Farah court attack one of deadliest in Afghan war

New Post: Ryan Evans, "The war before the war: Soviet precedent in Afghanistan" (AfPak). Deadliest attack The death toll from Wednesday’s Taliban attack on a court complex in the western province of Farah rose to at least 53 by the end of a fierce gunbattle between security forces and militants holding hostages, making it the ...

STRDEL/AFP/Getty Images
STRDEL/AFP/Getty Images
STRDEL/AFP/Getty Images

New Post: Ryan Evans, "The war before the war: Soviet precedent in Afghanistan" (AfPak).

Deadliest attack

The death toll from Wednesday's Taliban attack on a court complex in the western province of Farah rose to at least 53 by the end of a fierce gunbattle between security forces and militants holding hostages, making it the deadliest attack in Afghanistan since a December 2011 suicide bombing at a Shi'a shrine in Kabul that killed some 70 people (BBC, NYT, AFP, RFERL, McClatchy, LAT). The attack began at 8:45 AM when two suicide bombers detonated an explosives-laden vehicle at the gates of the complex, and then took control of the second floor of the courthouse building inside, where they went on a room-to-room killing spree, shooting everyone they found.

New Post: Ryan Evans, "The war before the war: Soviet precedent in Afghanistan" (AfPak).

Deadliest attack

The death toll from Wednesday’s Taliban attack on a court complex in the western province of Farah rose to at least 53 by the end of a fierce gunbattle between security forces and militants holding hostages, making it the deadliest attack in Afghanistan since a December 2011 suicide bombing at a Shi’a shrine in Kabul that killed some 70 people (BBC, NYT, AFP, RFERL, McClatchy, LAT). The attack began at 8:45 AM when two suicide bombers detonated an explosives-laden vehicle at the gates of the complex, and then took control of the second floor of the courthouse building inside, where they went on a room-to-room killing spree, shooting everyone they found.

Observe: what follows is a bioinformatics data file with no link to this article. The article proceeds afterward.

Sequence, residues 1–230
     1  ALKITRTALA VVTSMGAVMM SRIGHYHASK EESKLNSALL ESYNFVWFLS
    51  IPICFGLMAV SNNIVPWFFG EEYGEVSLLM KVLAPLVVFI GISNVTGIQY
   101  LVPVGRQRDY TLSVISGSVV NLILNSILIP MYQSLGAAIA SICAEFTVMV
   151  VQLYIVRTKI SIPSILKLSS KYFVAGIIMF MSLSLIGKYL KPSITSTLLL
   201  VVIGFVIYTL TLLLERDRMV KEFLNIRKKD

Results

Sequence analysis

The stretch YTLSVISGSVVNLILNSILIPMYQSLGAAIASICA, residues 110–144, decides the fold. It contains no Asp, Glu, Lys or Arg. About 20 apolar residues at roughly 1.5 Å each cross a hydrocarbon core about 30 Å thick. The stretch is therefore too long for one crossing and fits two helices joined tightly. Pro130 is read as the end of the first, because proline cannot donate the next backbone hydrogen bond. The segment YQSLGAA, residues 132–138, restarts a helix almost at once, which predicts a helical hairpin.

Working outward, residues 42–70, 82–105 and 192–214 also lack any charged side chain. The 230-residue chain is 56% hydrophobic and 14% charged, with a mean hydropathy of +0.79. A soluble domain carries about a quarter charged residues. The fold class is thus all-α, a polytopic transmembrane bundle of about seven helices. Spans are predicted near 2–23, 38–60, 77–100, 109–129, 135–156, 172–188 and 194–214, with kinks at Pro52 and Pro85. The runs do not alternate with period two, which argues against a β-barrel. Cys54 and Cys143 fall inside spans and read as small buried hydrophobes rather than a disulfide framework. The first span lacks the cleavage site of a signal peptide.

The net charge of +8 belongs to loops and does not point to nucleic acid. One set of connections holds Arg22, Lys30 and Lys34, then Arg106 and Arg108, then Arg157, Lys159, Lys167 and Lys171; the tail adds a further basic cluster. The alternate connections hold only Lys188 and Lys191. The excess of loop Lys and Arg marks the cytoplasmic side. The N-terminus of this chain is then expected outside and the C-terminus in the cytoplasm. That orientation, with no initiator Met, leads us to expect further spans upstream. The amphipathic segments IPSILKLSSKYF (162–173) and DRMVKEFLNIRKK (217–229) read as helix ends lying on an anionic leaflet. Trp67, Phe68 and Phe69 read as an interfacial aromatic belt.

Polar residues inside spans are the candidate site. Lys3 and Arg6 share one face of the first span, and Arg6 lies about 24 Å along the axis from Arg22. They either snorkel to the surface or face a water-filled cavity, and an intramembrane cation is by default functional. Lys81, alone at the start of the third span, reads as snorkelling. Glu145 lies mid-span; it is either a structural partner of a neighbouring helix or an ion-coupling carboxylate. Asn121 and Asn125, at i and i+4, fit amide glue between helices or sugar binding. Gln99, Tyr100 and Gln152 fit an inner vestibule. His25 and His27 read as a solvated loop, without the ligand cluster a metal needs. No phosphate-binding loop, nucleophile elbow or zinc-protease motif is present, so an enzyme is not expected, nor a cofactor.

A NATO airstrike that was called in on Thursday to help Afghan Local Police in Ghazni Province after Taliban militants attacked one of their checkpoints accidentally killed four policemen and two civilians (BBC, AP). A spokesman for Ghazni’s governor said the police were in civilian clothes and may have been mistaken for Taliban.

Urban Taliban

Four members of Pakistan’s paramilitary Rangers forces were killed and seven were wounded late Wednesday night when an attacker threw a grenade at their vehicle in Karachi (AJE, ET, DT). A prominent lawyer and former advocate general of Balochistan was kidnapped on Wednesday by unidentified armed men who attacked his vehicle as he drove home from the Balochistan High Court (Dawn, ET).

Meanwhile, four Afghan Taliban were killed Thursday morning when they crossed the border into Pakistan and tried to attack a security checkpost in northwestern Kurram Agency (The News, Dawn).

None of the above

It’s well known that Pakistanis have little faith in their government, and a recent British Council survey found that young adults in Pakistan have little faith in the very system of democracy. Well, for the first time, the Election Commission of Pakistan is considering giving Pakistanis the option to chose "none of the above" on their ballots this May, though one wonders what the Election Commission of Pakistan will do if "none of the above" wins the election (NDTV).

— Jennifer Rowland

Jennifer Rowland is a research associate in the National Security Studies Program at the New America Foundation.

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